Important Trends and Issues

Homeless Workers Face the Pandemic

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While millions of people work and shelter in place during the COVID-19 pandemic, the plight of the working homeless — those who have no safe place to seek refuge — provides a stark contrast. to the new normal.

Living on the Streets of L.A.

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In November of 2018, the Economic Hardship Reporting Project sent me to Koreatown, Los Angeles to report and write about the homeless crisis in a neighborhood where there are more than 600 unhoused people living within a radius of only 2.7 miles.

Pregnant and shackled: why inmates are still giving birth cuffed and bound

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Despite a federal law that prohibits the shackling of expectant mothers in the United States, thousands of pregnant inmates remain at the mercy of guards who can choose exactly how to control their every movement – as well as the movement of their unborn children..

Trauma in Plain Sight

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Can untreated Post-Traumatic Syndrome be so detrimental that it renders a homeless person unable to escape homelessness? In this country, unacknowledged and misdiagnosed PTSD is rampant, say mental health experts. The results can be devastating.

Moms Back From Incarceration Are Fighting to Keep Their Children

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Formerly incarcerated mothers, many of whom have substance abuse disorders, are finding it difficult to gain and keep custody of their children upon reentry into the mainstream.

Amid the opioid crisis tearing through the country, this trend has reached a crisis point.

Many minorities avoid seeking credit due to generations of discrimination. Why that keeps them back

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Due to generations of discrimination, many minorities in this country avoid seeking credit. This story is about the repercussions of that trauma response.

Taken for a Ride: How Ambulance Debt Afflicts the Extreme Poor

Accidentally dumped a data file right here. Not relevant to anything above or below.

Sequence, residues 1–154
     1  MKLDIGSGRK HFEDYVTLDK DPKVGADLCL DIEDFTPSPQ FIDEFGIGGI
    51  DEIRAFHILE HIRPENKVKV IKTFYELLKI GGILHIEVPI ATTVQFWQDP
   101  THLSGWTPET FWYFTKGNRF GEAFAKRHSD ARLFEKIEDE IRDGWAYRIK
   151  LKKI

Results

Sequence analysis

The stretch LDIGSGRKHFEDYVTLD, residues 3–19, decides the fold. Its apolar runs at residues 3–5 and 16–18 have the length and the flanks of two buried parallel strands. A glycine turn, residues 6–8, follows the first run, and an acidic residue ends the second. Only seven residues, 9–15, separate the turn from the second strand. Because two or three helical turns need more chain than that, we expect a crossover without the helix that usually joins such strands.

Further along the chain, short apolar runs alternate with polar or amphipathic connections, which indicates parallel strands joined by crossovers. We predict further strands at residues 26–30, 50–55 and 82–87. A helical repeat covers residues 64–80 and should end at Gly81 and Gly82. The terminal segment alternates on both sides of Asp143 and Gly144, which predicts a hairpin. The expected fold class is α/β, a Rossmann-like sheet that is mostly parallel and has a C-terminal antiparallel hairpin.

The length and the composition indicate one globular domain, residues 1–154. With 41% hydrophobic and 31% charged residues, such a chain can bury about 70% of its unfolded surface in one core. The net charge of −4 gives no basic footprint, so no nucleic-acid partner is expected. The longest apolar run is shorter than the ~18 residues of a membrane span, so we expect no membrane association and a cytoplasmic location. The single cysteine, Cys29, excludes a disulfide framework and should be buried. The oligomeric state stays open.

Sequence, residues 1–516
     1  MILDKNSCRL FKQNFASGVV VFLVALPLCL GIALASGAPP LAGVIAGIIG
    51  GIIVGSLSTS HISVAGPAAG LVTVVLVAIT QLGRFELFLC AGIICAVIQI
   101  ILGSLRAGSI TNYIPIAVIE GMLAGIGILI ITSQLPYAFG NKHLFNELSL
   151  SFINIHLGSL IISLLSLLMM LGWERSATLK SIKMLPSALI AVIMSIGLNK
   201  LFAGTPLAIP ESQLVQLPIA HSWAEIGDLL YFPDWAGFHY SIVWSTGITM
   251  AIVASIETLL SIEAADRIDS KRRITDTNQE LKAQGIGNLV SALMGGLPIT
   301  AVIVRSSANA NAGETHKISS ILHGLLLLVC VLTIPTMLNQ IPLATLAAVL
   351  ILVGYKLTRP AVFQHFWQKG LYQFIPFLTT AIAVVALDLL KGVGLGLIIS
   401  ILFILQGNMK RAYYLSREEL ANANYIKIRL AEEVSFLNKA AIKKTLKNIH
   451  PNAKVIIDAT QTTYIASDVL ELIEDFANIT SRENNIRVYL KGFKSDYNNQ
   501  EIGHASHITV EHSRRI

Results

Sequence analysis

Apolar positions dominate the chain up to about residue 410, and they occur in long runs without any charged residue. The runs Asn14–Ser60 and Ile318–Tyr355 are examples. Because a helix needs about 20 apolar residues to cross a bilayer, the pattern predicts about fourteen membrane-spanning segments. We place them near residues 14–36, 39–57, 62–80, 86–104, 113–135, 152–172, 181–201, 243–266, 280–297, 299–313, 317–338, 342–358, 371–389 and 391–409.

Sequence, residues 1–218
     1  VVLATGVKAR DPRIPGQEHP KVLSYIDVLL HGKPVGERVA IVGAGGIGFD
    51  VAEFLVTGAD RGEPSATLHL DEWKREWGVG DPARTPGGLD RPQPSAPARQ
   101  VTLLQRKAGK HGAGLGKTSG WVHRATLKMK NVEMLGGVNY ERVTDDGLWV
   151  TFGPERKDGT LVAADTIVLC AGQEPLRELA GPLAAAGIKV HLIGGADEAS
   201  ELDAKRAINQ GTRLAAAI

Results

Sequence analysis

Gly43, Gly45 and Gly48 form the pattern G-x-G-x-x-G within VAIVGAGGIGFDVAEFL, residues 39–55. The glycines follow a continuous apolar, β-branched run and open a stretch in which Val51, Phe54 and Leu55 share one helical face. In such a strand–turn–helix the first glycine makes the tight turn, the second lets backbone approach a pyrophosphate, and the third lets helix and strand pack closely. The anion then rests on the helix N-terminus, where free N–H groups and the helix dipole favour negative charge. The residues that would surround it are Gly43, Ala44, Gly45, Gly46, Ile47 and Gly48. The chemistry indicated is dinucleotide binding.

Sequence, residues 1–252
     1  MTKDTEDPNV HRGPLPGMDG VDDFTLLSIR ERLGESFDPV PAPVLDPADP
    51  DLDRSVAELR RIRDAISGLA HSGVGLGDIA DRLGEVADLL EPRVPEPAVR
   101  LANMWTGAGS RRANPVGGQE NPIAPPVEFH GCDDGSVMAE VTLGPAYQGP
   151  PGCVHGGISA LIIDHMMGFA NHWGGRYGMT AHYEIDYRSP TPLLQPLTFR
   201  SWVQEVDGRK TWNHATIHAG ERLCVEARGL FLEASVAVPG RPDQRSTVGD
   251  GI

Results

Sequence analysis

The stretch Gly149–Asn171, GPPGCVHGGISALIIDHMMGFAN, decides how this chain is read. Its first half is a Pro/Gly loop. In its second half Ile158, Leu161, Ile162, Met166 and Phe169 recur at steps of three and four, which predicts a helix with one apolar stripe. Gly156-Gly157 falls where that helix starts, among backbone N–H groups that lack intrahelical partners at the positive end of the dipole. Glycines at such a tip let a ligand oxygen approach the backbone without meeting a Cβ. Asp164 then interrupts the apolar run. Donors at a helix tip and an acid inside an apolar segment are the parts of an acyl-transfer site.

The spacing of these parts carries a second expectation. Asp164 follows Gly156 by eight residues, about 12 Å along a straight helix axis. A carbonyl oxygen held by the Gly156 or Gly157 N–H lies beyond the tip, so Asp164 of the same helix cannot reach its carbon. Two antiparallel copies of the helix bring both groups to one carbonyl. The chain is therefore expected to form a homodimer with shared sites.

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How ambulance debt, incurred during some of the most fragile points of people’s lives, can halt or even stop recovery.

How We Hate the Homeless


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There are scientifically researched reasons we fear the homeless. Here is an essay I wrote on the mental and physical constructs that we erect to keep us separate` from “them.”

To help the homeless, offer shelter that allows deep sleep.


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I am grateful to write about my experiences in ways that may open people’s minds to realities previously unconsidered.

Homeless women are the sexual assault survivors no one talks about. Here’s my story.


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photo by Preston Gannaway for The Washington Post

Past our pre-conceived notions, underneath our judgments, and far beyond all the stereotypes, are the realities of why people’s lives fall apart.

I have always been an outlier, meaning that I have never conformed to any of society’s tight-fitting molds. That held true in homelessness, too. So my story about my journey into and out of homelessness may surprise you.

If it does, then perhaps I will have accomplished my mission — to open your heart and mind to the possibility that you may not be so different than the person you recently saw sleeping on that park bench.

Personal Stories

Acts of Giving

HMM Daily

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My story of recovery was built on the support of a surprising succession of individuals, who extended themselves personally to give me what I most needed, when I most needed it.

Locked Up in Shame

HMM Daily

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The United States locks up more people, per capita, than any other nation in the world.

Here is my story about the six months I spent in jail and how my incarceration impacted my ability to move forward once I got back “on the outside.”

In the Meantime


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These days, finding an affordable place to call home often means experiencing a twilight time in which we must wait and endure. It is a time in which we can build our strengths — or lose our footing completely. Here is my story, as well as the story of many others.

Oldies but Goodies

Author Katie Byron’s The Work shares 4 questions to help people navigate path to peace

Desert news

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On my last morning of homelessness, I uttered a prayer in which I admitted that my ideas about God were hurting me. Then I asked God to help me stop suffering.

Within a week, I received an accidental phone call from a woman who did not mean to call me. Curing our brief conversation, she told me that she held a self – inquiry group at her home in Salt Lake City.

Those weekly meetings helped me to question the origin of many of the painful beliefs that I was still carrying into my emergence. This article includes an interview with Byron Katie, the founder of the self-inquiry process called The Work.

The Skycatcher

Oprah’s “O” Magazine

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When I asked Melody Beattie if I could interview her, I was on a quest to interview some of the women I felt had found their power in this world. I am not talking solely about financial power. I wanted to interview women who felt at home in themselves, no matter what was going on around them.

Melody had endured a lot of loss, including the death of her young son. Still, she lived with great faith and purpose.

During our time together, Melody shared with me a deep lesson in self care — one I believe we would all do well to heed.